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The University of Southampton
Centre for Risk Research

Visiting researcher from Sydney Business School delivers seminar on betting in sports markets

Published: 7 January 2014

One of the Centre for Risk Research's visiting members of staff, Dr. Andrew Grant from the University of Sydney, delivered a seminar that explored how certain bookmakers are more efficient at predicting outcomes in football betting markets.

In his seminar, delivered at the University of Southampton, Andrew argued that there are two types of bookmakers in football betting markets: label book-balancing and position-taking bookmakers. He suggested that their operational differences hold the key to the evolution of prices within the aggregate marketplace.

Dr. Grant describes his findings

Book-balancing bookmakers provide online services only, and operate a high-turnover, low-margin business, and do not restrict trade with sophisticated bettors. Position-taking bookmakers, conversely, operate both physical world betting shops and operate a high-margin, low-turnover business, whilst actively maintaining a clientele of unsophisticated customers. Andrew described how he and his colleagues analysed a unique longitudinal dataset relating to the odds posted by a leading book-balancing and a leading position-taking bookmaker for six major European football leagues over the 2012-13 season.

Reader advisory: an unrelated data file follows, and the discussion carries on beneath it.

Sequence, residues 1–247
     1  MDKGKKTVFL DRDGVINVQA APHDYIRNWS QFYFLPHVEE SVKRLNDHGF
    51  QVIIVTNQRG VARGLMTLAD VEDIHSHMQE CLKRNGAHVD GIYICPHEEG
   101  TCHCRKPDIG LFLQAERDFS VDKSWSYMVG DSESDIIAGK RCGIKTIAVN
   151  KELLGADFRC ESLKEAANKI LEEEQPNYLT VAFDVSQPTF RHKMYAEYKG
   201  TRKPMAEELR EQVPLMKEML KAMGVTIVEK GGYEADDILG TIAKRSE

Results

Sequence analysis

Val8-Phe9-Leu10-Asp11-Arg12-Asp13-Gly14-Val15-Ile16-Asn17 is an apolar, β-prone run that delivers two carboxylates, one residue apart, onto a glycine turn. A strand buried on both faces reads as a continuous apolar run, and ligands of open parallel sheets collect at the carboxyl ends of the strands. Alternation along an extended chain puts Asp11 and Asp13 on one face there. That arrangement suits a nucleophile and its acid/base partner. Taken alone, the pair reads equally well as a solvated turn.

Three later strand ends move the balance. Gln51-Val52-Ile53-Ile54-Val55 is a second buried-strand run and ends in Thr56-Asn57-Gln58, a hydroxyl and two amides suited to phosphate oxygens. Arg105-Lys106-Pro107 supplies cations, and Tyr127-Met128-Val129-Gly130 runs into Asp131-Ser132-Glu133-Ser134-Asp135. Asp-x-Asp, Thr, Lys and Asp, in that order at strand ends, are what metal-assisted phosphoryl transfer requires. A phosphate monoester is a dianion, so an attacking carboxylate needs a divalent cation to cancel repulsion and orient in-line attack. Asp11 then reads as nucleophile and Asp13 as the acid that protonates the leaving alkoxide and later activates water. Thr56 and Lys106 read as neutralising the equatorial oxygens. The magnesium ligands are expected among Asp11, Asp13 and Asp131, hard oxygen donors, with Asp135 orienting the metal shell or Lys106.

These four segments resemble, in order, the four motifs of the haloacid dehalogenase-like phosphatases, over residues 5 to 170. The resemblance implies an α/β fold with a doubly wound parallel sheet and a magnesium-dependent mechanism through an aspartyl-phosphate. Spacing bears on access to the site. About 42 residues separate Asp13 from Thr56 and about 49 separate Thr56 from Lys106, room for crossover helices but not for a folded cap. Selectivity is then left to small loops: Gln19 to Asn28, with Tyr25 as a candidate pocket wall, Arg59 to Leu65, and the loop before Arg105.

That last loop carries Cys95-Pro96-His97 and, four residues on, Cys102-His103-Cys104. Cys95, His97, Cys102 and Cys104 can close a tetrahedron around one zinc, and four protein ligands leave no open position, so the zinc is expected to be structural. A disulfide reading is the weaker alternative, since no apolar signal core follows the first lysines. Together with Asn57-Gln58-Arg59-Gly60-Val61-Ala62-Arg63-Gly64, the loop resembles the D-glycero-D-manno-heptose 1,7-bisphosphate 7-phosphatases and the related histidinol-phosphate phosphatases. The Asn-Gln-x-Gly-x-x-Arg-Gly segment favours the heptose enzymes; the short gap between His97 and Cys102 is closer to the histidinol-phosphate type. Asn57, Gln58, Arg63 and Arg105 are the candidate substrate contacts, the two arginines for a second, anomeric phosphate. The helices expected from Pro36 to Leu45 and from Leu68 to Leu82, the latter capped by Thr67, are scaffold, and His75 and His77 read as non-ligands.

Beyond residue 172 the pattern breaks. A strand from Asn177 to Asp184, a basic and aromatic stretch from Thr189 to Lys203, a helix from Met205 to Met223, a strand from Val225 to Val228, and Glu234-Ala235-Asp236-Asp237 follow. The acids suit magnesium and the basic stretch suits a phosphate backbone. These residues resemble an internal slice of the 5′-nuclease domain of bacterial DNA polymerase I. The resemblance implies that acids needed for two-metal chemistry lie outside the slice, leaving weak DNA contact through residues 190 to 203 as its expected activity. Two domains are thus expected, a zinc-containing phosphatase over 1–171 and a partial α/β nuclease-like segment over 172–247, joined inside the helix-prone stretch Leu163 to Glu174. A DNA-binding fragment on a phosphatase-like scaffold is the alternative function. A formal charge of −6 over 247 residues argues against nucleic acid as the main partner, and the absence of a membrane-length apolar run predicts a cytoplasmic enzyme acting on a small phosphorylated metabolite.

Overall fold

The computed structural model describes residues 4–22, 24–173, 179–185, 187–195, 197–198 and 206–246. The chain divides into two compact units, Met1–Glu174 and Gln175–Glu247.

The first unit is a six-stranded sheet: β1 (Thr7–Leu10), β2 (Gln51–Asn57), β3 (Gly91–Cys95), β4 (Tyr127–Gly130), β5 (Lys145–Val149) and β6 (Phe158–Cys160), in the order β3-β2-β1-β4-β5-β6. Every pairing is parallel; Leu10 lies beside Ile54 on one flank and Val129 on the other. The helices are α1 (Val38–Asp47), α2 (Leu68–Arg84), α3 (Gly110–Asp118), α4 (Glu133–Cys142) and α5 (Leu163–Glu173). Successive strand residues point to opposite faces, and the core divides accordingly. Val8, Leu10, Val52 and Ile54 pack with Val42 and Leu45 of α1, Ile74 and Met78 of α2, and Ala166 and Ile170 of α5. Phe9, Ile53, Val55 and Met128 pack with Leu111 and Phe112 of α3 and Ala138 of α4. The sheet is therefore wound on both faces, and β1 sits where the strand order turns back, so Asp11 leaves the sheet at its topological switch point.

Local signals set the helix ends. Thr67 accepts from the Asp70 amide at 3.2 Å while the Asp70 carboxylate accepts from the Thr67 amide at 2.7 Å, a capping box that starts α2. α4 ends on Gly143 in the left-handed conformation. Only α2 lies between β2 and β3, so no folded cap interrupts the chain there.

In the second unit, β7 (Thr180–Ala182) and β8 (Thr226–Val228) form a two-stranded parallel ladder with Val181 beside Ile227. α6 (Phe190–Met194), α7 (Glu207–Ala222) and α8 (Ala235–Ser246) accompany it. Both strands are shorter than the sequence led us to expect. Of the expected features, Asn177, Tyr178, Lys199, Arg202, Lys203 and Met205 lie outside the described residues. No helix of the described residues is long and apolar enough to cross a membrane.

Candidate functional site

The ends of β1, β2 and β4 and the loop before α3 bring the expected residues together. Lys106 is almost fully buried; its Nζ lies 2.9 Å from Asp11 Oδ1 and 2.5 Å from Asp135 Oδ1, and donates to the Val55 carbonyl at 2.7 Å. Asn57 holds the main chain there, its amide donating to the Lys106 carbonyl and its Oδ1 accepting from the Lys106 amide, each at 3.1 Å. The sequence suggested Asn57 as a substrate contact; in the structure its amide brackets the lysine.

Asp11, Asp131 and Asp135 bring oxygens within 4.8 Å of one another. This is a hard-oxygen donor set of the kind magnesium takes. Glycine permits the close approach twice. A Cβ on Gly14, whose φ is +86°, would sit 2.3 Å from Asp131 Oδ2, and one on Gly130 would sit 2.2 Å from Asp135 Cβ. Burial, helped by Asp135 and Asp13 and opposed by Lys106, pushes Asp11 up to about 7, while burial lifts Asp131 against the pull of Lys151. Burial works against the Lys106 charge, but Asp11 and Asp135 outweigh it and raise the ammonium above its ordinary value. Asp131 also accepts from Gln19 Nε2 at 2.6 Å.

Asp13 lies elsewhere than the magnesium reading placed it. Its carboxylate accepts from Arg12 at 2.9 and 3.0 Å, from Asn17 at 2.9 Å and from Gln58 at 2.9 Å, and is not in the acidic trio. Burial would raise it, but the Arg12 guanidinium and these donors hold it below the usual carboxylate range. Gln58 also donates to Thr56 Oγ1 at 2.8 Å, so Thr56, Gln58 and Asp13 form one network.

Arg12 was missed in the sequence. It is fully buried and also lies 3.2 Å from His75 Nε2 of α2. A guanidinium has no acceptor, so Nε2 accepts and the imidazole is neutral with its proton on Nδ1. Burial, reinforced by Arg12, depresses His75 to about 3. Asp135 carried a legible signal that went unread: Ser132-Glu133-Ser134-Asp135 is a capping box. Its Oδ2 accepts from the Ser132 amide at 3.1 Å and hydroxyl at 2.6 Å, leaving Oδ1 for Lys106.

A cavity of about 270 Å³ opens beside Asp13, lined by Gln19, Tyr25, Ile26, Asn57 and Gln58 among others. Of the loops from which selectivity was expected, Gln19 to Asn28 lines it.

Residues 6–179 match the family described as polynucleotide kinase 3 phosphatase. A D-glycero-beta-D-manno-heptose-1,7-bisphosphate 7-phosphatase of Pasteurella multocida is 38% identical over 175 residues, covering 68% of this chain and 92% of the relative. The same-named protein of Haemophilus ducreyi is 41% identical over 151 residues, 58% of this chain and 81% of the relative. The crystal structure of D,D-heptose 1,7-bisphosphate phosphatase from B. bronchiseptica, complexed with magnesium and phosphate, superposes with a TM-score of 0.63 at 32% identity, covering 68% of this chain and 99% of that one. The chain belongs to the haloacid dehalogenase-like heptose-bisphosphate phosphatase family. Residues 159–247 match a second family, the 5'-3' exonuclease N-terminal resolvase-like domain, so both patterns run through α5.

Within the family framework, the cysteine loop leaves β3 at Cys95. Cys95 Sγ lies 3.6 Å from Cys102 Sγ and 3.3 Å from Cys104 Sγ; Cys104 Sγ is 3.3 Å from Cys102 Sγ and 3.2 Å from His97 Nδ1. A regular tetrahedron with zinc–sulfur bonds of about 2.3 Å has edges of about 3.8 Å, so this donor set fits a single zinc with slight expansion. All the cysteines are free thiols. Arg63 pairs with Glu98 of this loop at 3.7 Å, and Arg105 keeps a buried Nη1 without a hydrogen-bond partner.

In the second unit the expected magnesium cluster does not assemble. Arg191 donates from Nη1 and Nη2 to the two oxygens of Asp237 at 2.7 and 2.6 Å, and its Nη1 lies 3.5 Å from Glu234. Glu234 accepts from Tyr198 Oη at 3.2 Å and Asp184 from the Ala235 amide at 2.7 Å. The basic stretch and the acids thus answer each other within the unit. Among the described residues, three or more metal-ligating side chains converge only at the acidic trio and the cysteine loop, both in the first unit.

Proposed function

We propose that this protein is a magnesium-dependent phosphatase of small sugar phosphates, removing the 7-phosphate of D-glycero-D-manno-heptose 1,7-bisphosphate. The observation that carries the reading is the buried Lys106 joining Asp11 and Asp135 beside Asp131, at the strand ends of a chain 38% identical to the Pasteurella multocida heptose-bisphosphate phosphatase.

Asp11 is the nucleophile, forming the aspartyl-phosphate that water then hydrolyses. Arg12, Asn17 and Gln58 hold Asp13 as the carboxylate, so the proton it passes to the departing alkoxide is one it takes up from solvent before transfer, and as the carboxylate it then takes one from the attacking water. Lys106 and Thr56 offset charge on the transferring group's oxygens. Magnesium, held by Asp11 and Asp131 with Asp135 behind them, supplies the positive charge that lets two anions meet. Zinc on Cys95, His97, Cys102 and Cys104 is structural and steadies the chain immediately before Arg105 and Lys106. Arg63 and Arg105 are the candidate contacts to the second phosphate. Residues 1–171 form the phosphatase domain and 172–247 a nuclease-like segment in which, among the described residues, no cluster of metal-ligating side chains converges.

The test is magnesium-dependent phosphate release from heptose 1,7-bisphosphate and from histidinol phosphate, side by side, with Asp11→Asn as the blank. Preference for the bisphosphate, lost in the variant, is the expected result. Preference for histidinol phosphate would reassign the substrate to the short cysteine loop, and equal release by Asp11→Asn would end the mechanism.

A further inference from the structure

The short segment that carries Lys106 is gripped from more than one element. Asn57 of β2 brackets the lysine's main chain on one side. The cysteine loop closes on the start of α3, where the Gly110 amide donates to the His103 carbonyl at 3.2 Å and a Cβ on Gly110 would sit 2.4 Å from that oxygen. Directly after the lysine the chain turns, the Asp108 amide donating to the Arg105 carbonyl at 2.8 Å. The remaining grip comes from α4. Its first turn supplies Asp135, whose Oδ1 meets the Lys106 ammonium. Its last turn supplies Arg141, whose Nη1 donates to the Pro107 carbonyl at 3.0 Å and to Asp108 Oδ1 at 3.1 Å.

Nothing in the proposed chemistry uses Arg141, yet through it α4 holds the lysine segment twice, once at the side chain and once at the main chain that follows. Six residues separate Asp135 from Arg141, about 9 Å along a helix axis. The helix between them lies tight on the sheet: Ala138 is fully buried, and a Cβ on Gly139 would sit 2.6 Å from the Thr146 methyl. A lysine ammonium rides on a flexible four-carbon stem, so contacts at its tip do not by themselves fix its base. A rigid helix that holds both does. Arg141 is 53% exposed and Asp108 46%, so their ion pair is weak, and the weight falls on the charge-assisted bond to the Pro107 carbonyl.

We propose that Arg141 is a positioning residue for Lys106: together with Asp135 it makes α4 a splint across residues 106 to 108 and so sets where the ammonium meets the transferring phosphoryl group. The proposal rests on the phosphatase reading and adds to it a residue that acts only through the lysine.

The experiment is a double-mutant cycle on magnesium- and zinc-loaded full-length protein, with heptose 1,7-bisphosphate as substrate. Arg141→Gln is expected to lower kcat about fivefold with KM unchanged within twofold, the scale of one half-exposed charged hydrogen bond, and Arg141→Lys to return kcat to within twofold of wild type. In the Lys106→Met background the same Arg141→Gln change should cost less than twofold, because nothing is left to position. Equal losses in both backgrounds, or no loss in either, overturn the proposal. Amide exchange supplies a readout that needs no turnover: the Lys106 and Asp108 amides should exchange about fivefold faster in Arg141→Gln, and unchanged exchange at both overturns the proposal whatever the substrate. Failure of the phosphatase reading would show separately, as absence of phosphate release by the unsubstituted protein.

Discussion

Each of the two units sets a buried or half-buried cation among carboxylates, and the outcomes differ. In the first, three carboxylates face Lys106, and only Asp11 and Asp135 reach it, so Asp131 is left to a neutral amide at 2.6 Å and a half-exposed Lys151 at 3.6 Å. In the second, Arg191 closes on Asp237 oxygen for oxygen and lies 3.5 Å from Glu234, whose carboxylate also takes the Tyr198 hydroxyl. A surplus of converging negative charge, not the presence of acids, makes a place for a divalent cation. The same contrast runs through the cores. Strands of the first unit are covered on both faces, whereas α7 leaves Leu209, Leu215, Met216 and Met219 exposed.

Dr. Grant answering questions

Andrew explained that his research found that the book-balancing bookmaker charged a consistently lower transaction cost, and changes their odds five times more frequently than the position-taking bookmaker, indicative of active management of the book to avoid liabilities from sophisticated clientele. The prices from the book-balancing bookmaker are more efficient predictors of match outcomes than the prices from the position-taking bookmaker. Andrew concluded by explaining that prices in football betting markets are set on the demand side, rather than the supply side as has previously been hypothesised.

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